UK

Mark Carney: Interest Rates Will Stay At 0.5% Until Unemployment Falls Below 7%

07/08/2013 10:45 BST | Updated 07/08/2013 14:42 BST
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Mark Carney, chairman of the Financial Stability Board (FSB), speaks during a news conference at the Bank for International Settlements (BIS) in Basel, Switzerland, on Tuesday, June 25, 2013. Carney, the next Bank of England governor, said global regulators will set up a task force with banks in a bid to repair or replace tarnished benchmarks in the wake of Libor and other rate-rigging scandals. Photographer: Gianluca Colla/Bloomberg via Getty Images

The Bank of England will not raise interest rates until unemployment falls below 7%, new governor Mark Carney has said.

The unemployment change would require an extra 750,000 jobs to be created, Carney said as he delivered the Bank's monthly inflation report.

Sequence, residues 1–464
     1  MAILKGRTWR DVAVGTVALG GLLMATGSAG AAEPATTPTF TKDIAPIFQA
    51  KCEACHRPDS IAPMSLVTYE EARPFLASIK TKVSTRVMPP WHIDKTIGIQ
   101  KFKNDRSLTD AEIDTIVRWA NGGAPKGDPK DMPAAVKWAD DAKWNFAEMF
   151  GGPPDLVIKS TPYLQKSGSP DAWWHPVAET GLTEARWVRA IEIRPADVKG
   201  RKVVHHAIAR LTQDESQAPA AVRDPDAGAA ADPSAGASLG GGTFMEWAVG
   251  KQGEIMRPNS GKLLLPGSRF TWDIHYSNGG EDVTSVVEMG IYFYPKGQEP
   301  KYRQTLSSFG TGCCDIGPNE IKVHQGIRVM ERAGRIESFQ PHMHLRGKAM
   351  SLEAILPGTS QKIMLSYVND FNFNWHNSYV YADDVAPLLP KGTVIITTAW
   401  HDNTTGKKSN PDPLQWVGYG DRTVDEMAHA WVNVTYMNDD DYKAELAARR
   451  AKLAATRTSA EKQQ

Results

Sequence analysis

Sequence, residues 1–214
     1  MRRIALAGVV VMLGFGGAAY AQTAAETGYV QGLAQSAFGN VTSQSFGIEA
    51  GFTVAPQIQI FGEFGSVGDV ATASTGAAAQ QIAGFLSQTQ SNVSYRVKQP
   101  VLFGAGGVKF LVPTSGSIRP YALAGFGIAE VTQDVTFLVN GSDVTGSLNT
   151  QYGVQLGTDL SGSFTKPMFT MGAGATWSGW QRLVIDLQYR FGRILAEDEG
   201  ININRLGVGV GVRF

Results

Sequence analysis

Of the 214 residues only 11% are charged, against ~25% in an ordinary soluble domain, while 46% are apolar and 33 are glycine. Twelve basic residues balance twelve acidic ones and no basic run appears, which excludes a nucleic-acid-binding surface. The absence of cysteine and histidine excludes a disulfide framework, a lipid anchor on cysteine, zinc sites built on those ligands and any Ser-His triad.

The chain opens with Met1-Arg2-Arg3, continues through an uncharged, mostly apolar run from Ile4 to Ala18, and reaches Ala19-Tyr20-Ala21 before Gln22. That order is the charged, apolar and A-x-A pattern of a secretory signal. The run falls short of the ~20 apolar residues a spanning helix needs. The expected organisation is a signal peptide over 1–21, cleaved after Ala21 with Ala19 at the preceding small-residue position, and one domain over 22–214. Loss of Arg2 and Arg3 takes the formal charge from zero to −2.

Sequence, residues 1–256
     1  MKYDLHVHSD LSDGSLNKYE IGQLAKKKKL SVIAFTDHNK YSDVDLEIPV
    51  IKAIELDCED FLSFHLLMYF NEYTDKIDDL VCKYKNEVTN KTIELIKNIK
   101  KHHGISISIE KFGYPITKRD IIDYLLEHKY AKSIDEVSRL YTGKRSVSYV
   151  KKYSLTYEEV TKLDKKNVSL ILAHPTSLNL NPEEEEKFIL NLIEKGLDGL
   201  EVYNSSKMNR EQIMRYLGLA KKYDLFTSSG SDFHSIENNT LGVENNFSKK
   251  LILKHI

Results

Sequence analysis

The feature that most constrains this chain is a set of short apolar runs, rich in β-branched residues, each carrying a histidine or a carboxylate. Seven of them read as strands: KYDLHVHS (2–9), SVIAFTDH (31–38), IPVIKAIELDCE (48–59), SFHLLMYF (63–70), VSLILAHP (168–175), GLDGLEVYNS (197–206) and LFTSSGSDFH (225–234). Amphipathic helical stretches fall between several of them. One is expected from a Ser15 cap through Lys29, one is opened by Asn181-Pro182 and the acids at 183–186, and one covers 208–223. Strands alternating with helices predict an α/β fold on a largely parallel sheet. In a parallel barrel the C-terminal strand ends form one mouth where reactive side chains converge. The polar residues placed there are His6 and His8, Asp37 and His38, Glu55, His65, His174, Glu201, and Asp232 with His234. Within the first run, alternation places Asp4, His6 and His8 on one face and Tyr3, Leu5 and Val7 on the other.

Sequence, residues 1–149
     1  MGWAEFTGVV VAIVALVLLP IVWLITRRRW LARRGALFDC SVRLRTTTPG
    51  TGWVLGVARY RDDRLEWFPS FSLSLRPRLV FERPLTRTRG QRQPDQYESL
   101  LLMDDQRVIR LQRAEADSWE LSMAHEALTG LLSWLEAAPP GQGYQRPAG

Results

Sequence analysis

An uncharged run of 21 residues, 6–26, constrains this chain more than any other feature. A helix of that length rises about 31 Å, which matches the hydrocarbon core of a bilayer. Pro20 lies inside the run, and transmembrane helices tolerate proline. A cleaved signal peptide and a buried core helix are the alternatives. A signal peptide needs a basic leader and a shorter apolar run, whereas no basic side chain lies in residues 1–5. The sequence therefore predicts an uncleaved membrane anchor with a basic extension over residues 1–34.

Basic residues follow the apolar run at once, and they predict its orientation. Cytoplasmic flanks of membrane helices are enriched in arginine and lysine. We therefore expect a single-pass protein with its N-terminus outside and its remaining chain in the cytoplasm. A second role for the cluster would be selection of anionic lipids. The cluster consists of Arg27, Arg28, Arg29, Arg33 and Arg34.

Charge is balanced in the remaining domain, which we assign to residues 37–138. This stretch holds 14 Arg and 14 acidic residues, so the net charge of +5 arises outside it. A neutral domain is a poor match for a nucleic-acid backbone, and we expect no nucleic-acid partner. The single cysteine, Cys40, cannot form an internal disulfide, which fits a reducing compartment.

The Bank decided on unemployment as its target as the "best indicator of the condition of the economy" in which the Bank would consider withdrawing its quantitative easing programme.

Carney said a "renewed recovery is now under way" as he revealed that the Bank predicted 0.6% growth in the third quarter of 2013. He warned that the UK's economic recovery had not approached a self-sustaining "escape velocity" yet, saying it was "beginning to approach" a "historical average".

The Bank lifted its growth forecasts for the UK to grow 1.4% in 2013 and 2.5% in 2014, up from earlier predictions of 1.2% and 1.7%.

The Bank also downgraded inflation forecasts, predicting that the rate will not rise above 3% this year and will remain around 2.9% "in the near term".

Given the Bank predicts unemployment to remain above 7% until 2016, this means chancellor George Osborne can plan for historic low interest rates of 0.5% beyond the next general election.

Carney however warned that the UK was experiencing its "slowest recovery in output on record".